Death is a reality and God’s wrath is eternal (Mat.25:46). What a horrible destiny for those without salvation. Eternal punishment highlights the urgency to spread the gospel, build the church, and save our neighbors. The only way to escape God’s wrath (Jn. 3:36) is to put our faith in Jesus Christ, who had died on the cross for our sin. The 3 basic truths about man are fundamental in the understanding of the Bible and everything that exists. The story of man and the universe is recorded in Gensis 1 through 3. The truth is man is created in the image of God, the radical fall of man into sin brought about condemnation and death, and God’ s plan of redemption through Jesus Christ is progressively revealed in man’s history. I think this Biblical world view is like a pair of spectacles to help us see our existence and destiny more clearly when new ideologies are confusing our minds, causing fear and uncertainties. This exercise of questions and answers is very helpful in clearing the mysteries and fear of death, confirming our faith in the Bible and strengthening our hope of salvation. Knowing the differences, we can confidently share our beliefs with other non-believers and defend what we believe, hoping this will bring real comfort and hope to them. 18 Skills and research information from death education can be good tools to enhance pastoral involvement in hospice and hospital work to touch the hearts of the sick and dying people and their families with compassion, as long as we know the truth about death and the hope of eternal life.

7. Bibliography

Albom, Mitch. Tuesdays with Morrie. London, UK: Time Warner, 1997.

Bowker, John Westerdale. The Meanings of Death. Cambridge, UK: Cambridge University Press, 1991.

Graham, Billy. Facing Death and The Life After. Waco, Texas: Word Books, 1987.

Kreeft, Peter. Handbook of Christian Apologetics. Downers Grove, Illinois: InterVarsity Press, 1994.

Lewis, C.S. A Grief Observed. New York, USA: Bantam Books, 1961.

Milne, Bruce. Know the Truth – A Handbook of Christian Belief. 2nd ed. Downers Grove, Illinois: InterVarsity Press, 1999.

Morey, A. Robert. Death and the Afterlife. Minneapolis, Minnesota: Bethany House Publishers, 1984.



Abdel-Khalek, Ahmed M. "Why Do We Fear Death? The Construction and Validation of The Reasons for Death Fear Scale. " Death Studies 26, no. 8 (October 2002): 669-680. Religion and Philosophy Collection, EBSCOhost (accessed July 7, 2010).

Attig, Thomas. "Meanings of Death Seen Through the Lens of Grieving. " Death Studies 28, no. 4 (May 2004): 341-360. Religion and Philosophy Collection, EBSCOhost (accessed July 7, 2010).

Cicirelli, Victor G. "Personal Meaning of Death in Relation to Fear of Death." Death Studies 22, no. 8 (December 1998): 713-733. Religion and Philosophy Collection, EBSCOhost (accessed July 7, 2010).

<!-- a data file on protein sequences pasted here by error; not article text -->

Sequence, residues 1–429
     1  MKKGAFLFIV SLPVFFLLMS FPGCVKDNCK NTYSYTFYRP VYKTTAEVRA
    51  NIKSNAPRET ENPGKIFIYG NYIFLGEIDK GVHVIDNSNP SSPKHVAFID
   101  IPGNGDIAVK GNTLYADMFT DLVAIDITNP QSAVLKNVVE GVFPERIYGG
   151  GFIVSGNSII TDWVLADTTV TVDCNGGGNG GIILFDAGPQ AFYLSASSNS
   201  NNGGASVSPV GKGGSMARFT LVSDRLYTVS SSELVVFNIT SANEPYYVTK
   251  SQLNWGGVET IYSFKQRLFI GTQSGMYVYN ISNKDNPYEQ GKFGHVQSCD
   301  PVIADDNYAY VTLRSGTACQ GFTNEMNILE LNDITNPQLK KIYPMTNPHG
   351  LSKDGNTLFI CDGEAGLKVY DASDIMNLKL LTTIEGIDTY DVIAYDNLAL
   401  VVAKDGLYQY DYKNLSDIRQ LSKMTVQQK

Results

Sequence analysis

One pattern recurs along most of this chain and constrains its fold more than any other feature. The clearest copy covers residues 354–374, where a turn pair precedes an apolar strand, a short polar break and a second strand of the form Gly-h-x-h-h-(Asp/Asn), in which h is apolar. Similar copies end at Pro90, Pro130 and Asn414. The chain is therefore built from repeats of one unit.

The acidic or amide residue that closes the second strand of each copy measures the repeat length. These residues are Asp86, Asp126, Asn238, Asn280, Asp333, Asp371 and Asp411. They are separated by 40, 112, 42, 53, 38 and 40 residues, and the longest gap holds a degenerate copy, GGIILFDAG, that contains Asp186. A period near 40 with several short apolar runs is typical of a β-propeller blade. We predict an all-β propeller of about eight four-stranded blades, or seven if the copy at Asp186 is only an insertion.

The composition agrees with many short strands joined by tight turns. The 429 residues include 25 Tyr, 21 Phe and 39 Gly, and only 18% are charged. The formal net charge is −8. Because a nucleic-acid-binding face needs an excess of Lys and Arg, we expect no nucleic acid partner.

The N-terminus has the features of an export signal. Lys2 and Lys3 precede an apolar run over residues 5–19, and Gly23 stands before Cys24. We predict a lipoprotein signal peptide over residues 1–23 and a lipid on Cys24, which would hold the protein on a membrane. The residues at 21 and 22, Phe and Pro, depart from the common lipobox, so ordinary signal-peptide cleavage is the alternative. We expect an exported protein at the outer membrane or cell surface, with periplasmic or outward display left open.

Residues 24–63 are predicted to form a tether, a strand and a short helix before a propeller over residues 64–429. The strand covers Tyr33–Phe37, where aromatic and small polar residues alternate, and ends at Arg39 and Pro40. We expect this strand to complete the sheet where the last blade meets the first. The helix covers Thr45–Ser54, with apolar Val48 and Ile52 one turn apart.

Cicirelli, Victor G. "Personal Meanings of Death in Older Adults and Young Males in Relation to their Fears of Death." Death Studies 25, no. 8 (December 2001): 663. Religion and Philosophy Collection, EBSCOhost (accessed July 7, 2010).

Fortner, Barry V., and Robert A. Neimeyer. "Death Anxiety in Older Adults: A Quantitative Review." Death Studies 23, no. 5 (July 1999): 387-411. Religion and Philosophy Collection, EBSCOhost (accessed July 7, 2010).

Pratt, Douglas. "Towards a Theological Metaphysics of Death." Islam & Christian-Muslim Relations 18, no. 3 (July 2007): 391-402. Religion and Philosophy Collection, EBSCOhost (accessed July 7, 2010).

Shu, Yang, and Chen Shih-Fen. "Content Analysis of Free-Response Narratives to Personal Meanings of Death among Chinese Children and Adolescents," Death Studies 30, no. 3 (April 2006): 217-241. Religion and Philosophy Collection, EBSCOhost (accessed July 7, 2010).

Yang, Shu Ching, and Shih-Fen Chen. "A Phenomenographic Approach to the Meaning of Death: A Chinese Perspective." Death Studies 26, no. 2 (February 2002): 143-175. Religion and Philosophy Collection, EBSCOhost (accessed July 7, 2010).

林綺雲。〈死亡教育與輔導 – 批判的觀點 〉。《生死學研究》,創刊號2003 12月。77-92頁。


郭鴻標。〈生死再思:死裏淘生 - 從基督教不同神學的死亡觀 探討牧養和關顧事工〉《慈聲雙月刊》。20101月。Available from (assessed July 26, 2010).

1 Yang Shu and Chen Shih-Fen, "Content Analysis of Free-Response Narratives to Personal Meanings of Death among Chinese Children and Adolescents," Death Studies 30, no. 3 (April 2006): 217-241; Religion and Philosophy Collection, EBSCOhost (accessed July 7, 2010).

2  Herman Feifel, Ed., Meanings of Death (New York: McGraw-Hill, 1977), 352-355. Quoted in Thomas Attig, "Meanings of Death Seen Through The Lens of Grieving," Death Studies 28, no. 4 (May 2004): 342; Religion and Philosophy Collection, EBSCOhost (accessed July 7, 235010).

3  Available from <>.( accessed July10, 2010).

4  Available from <>.( accessed July10, 2010).

5  Available from <>. (accessed on July 10, 2010).

6 林綺雲。〈死亡教育與輔導 – 批判的觀點 〉。《生死學研究》,創刊號200312月, 79頁。下載自〈 (accessed July 10, 2010).

7  Ahmed M. Abdel-Khalek, “Why do we fear death? The construction and validation of the reasons for death fear scale,” Death Studes 26, no. 8 (October 2002): 669-680; Religion and Philosophy Collection, EBSCOhost (accessed July 7, 2010).

8  Dave Hunt & T.A. Mcmahon, “What About Death Education?” Search the Scriptures Daily Available from <>. (accessed July 7, 2010).

9 Thanatology does not directly explore the meaning of life and of death. Medically, this question is irrelevant to those studying it. Some medical texts refer to inquiries of the meaning of life and death as absurd and futile. However, they do realize the question is very relevant to the psychological health of those involved in the dying process: individuals, families, communities, and cultures. Thanatology explores how the question affects those involved, not the question itself. ” Available from <>. (accessed July 10, 2010).

10  萬物有序,四季有時,海潮有起有落,大自然有枯有榮,世界時刻處於變化之中。在生生不息的循環之間,萬物不斷生長,潤澤天地。人是大自然的一部份,亦得遵循生與死的必然規律。死亡既是一次旅途的終結,同時亦是另一次旅程的開始。對死亡的探究是為了活出更有意義的人生。以死鑑生,生死輝映,人生才是完滿。落紅不是無情物,化作春泥更護花。明白了死亡本是生命的一部份,懂得活出人生真義,擁抱豐盛人生,又何需懼怕死亡?Available from <>.( accessed July 10, 2010).

11  Thomas Attig, "Meanings of Death Seen Through the Lens of Grieving," Death Studies 28, no. 4 (May 2004): 342; Religion and Philosophy Collection, EBSCOhost (accessed July 7, 235010).

12  Ibid., 354.

13  Robert A. Morey, Death and the Afterlife (Minneapolis, Minnesota: Bethany House Publishers, 1984), 70.

14  Robert A. Morey, Death and the Afterlife , 94.

15 林綺雲。〈死亡教育與輔導 – 批判的觀點 〉。《生死學研究》,創刊號200312月,83

16 Robert A. Morey, Death and the Afterlife , 192.

17 Robert A. Morey, Death and the Afterlife , 258.

18 郭鴻標。〈基督徒如何看安樂死〉《宣道牧函》, 20105月。


Globale Christenheit und Kontextuelle theologische Reflexion, Powered by Joomla! | Web Hosting by SiteGround